So, what makes a Chief Strategy Officer (CSO) successful, and what do the best of the best focus on?
1. Look at external factors and what competitors are doing.
We call this strategy development: outside in. It’s not surprising that respondents rated the future market analysis component of this phase as the most important. Knowing where the market is headed provides a foundation for strategic decision-making.
What does it mean for specific industries? Intensely competitive industries (including automotive, financial services, and consumer products and retail) all rated competitor analysis as highly important. This underpins the importance of the strategy leader in driving conversations to ensure they’re focused on differentiating the organization in some way. On the other hand, government and public sector respondents emphasized the importance of stakeholder expectations; a likely result of their focus on balancing diverse, and often vocal, stakeholder groups.
2. Look within the organization at performance and factors that impact strategy.
We call this strategy development: inside out. It’s largely about taking stock of the company’s internal tools and capabilities to consider its strengths and weaknesses while developing the strategy. Most of the elements of this dimension were highly rated, but mergers and acquisitions were low on their agendas. This may be due to the traditional way responsibilities are divided in some mature organizations. Corporate development and strategy aren’t always aligned, but they should be connected through regular communication.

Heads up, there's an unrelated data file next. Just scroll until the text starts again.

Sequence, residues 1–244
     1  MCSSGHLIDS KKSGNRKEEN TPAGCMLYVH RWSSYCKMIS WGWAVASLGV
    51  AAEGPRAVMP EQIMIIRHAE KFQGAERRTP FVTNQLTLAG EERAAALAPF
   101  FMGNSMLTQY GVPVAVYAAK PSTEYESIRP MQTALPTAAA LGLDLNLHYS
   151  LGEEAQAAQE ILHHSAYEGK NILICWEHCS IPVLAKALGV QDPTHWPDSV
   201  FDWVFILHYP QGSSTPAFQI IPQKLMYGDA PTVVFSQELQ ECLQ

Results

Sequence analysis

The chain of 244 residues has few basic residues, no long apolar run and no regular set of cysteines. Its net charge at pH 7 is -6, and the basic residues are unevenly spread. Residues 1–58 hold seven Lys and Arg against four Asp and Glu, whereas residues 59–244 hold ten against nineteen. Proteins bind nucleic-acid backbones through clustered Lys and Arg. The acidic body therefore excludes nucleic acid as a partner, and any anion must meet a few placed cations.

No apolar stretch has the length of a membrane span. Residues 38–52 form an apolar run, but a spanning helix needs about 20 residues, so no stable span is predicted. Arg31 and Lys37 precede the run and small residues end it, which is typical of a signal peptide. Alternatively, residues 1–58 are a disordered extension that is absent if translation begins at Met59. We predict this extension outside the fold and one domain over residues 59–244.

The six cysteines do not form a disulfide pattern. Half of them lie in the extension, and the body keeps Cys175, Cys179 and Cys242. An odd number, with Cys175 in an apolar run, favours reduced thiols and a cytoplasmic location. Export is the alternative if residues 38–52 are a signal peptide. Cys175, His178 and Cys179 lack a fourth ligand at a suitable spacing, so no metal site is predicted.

What does it mean for specific industries? The more regulated or publicly scrutinized an industry is — think government entities, regulators and energy producers, among others — the more likely they were to focus on risk management. Energy industry respondents placed a higher-than-average emphasis on portfolio management. That’s likely because of the industry importance of maintaining a strong balance sheet, acquiring assets to aid inorganic growth, while also strategically disposing of underperforming and misaligned assets.
3. Consider what will be necessary to successfully execute the strategy.
We call this: preparing for execution. Pulling the components of the strategy together sets the stage for successful execution. Executive respondents rated the performance management element of this dimension highly, reinforcing the idea that “what gets measured gets done.” Operating model development was left behind, though, showing many may not consider it a core business component. This is a mistake. Without a strongly linked and consistently understood operating model, quality of execution can suffer.
What does it mean for specific industries? Industries value talent development differently. Sectors where employees have common skills and can be easily replaced were less likely to emphasize this area. Automation may also play a role here. Organizations with workforces that may be candidates for automation were less likely to invest time and effort in talent development.